12

In Neal Stephenson's Cryptonomicon (spoilers):

Is there any reference in the modern-day plot to explain what happened to Gunter Bischoff after he escaped from the V-Million towards the end of the WWII plot?

7

He died of decompression sickness, suffering agonizing pain and probably losing consciousness within a few minutes of reaching the surface.

In-canon there is no specific mention of Bischoff after his escape from the submarine but we can make some reasonable assumptions from the text;

  • The internal bulkheads are described as failing after experiencing external water pressure of "five, six, seven, eight, nine, ten atmospheres of pressure". We can deduce that the boat has reached a depth of at least 300+ feet below the surface of the water.

  • The air has become a "safe cozy bubble of compressed air" as the rest of the boat is crushed.

  • Bischoff uses a "life preserver" to do an uncontrolled ascent to the surface.

  • As he ascends, he begins to suffer the early onset of decompression sickness. His "knees begin to hurt".

Although there are real-world examples of people surviving an ascent from a submarine at 300 feet, these are incredibly rare and never when breathing compressed air beforehand.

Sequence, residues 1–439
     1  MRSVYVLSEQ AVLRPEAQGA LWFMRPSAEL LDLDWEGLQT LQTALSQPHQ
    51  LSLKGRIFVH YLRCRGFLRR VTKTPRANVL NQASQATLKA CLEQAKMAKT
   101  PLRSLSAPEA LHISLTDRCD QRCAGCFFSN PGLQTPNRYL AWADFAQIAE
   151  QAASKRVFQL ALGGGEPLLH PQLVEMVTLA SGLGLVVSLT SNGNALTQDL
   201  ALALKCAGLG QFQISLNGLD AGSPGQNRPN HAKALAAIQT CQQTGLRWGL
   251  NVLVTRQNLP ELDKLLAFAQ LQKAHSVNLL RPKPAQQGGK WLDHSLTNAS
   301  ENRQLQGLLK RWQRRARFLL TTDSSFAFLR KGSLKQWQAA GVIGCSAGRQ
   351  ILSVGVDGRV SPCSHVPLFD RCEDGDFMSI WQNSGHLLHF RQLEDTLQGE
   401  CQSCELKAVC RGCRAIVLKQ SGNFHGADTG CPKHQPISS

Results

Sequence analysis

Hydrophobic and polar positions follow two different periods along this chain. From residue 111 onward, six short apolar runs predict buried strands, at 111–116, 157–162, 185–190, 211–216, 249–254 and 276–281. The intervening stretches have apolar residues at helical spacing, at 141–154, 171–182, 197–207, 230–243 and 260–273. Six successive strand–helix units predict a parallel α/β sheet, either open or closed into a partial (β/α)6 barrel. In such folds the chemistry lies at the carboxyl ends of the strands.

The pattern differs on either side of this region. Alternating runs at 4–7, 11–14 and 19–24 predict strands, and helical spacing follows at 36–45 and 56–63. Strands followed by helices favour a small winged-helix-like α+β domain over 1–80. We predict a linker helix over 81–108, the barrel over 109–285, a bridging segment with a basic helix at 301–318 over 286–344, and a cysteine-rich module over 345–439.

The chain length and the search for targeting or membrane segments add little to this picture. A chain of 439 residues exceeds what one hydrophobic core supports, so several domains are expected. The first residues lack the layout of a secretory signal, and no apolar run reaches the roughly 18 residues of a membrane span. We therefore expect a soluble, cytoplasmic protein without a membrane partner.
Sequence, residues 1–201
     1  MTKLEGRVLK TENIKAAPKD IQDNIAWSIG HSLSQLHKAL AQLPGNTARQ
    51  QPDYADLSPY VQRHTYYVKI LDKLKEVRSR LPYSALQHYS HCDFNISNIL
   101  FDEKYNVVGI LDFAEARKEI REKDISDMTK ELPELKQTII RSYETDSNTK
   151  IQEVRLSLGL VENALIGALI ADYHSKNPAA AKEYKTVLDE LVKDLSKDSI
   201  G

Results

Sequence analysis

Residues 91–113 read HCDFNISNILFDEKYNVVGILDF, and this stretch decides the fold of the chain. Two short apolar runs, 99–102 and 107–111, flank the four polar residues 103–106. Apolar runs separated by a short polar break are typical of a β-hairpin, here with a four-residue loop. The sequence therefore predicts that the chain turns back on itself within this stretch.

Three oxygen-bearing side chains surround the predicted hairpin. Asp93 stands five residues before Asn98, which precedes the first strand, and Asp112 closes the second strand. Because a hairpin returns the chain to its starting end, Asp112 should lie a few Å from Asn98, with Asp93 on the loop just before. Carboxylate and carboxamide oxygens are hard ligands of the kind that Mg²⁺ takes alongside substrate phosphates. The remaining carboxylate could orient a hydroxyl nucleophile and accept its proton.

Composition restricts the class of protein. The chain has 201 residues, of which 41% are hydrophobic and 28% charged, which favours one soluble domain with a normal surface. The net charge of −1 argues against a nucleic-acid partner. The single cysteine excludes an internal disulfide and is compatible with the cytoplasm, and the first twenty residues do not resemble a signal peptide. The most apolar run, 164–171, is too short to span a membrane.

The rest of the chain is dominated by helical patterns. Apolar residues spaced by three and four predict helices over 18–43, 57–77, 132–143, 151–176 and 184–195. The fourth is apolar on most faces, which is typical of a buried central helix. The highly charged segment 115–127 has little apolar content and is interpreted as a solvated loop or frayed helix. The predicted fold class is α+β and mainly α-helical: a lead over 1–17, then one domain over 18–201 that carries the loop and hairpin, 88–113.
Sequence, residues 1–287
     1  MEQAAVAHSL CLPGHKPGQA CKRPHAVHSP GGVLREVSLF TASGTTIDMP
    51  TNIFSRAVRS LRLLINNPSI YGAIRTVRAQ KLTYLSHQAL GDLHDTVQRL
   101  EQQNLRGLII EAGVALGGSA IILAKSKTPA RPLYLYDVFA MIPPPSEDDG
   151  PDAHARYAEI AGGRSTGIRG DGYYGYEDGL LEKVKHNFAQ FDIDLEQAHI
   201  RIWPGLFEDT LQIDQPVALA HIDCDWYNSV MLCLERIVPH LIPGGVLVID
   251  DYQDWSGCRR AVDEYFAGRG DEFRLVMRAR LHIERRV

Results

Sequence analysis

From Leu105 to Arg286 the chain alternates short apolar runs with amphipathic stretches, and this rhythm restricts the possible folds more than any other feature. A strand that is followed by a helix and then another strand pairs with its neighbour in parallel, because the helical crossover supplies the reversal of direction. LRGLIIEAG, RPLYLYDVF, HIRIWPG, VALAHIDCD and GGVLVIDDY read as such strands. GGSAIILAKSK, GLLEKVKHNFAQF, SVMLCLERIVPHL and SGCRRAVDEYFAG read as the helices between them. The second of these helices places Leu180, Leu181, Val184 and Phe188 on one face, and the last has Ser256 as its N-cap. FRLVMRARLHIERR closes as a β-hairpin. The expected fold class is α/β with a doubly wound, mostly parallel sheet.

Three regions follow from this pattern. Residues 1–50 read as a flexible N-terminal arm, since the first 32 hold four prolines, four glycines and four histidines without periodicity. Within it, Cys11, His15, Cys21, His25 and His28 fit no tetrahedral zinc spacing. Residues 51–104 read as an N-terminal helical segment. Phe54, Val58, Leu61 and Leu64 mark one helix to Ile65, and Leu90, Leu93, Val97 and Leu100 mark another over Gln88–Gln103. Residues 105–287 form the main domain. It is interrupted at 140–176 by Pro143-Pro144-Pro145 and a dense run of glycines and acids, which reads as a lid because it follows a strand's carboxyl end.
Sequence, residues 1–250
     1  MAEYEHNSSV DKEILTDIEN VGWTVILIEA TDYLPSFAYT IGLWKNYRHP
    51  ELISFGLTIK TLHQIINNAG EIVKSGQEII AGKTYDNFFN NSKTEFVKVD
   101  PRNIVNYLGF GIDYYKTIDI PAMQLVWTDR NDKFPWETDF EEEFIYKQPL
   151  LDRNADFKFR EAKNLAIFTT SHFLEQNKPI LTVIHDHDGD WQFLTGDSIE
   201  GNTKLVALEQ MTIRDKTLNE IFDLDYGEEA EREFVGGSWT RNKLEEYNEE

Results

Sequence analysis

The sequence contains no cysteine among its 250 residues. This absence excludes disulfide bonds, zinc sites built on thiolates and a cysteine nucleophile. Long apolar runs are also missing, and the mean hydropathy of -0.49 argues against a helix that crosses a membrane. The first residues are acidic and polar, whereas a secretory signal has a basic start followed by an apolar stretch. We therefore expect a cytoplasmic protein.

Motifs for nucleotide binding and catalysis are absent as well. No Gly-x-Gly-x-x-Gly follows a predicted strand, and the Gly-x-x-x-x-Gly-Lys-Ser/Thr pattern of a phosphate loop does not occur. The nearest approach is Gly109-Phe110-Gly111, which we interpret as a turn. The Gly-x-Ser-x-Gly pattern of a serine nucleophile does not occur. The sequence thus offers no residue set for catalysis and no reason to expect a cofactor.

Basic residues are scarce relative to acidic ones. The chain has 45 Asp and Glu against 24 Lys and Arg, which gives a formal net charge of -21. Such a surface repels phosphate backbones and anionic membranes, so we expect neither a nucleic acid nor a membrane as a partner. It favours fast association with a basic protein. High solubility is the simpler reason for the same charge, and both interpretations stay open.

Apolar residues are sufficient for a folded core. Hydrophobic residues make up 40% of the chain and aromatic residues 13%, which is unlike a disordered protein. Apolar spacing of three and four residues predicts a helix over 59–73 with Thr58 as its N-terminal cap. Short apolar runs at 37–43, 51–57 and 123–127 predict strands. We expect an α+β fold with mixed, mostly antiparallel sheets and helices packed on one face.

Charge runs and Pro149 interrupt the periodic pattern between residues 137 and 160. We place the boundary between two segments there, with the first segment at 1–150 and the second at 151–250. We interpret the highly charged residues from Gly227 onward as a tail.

Postwar, submariner Walter F. Schlech, Jr., among others, examined submerged escape without breathing devices and discovered ascent was possible from as deep as 300 ft (91 m):

  • All the points above are true, but this is a novel. Gunter was a larger than life character. Surviving such an ordeal in real life is possible, so in a novel it is probable. It would have been amusing if a minor character that Randy encounters as a result of his interactions with Enoch Root would have given us another clue as to Gunter's fate. If Enoch the Red can survive for 300 years, then Gunter Bischoff survive for 50. Cheers! – user44783 Apr 24 '15 at 21:50
  • @BanyardiSchmardi - Since your answer was an attempt to comment on my answer, I've converted it into a comment... – Valorum Apr 24 '15 at 21:54
-1

German U-Boat captains tended to be very, very unpopular after the war, being seen as war criminals for targeting civilian convoys and causing civilian suffering (starvation, etc.) Those in British custody at the end of the war (and their fates) generally went unreported.

So... there's a character that dies in the story in 1944 (Enoch Root), but mysteriously shows up alive a couple of generations later. I thought it likely that Bischoff simply assumed this identity after the war to launder his past.

  • 1
    I take it you've not read the Baroque Cycle, which contains an explanation for Enoch's survival. – Mike Scott Jul 26 '17 at 5:49

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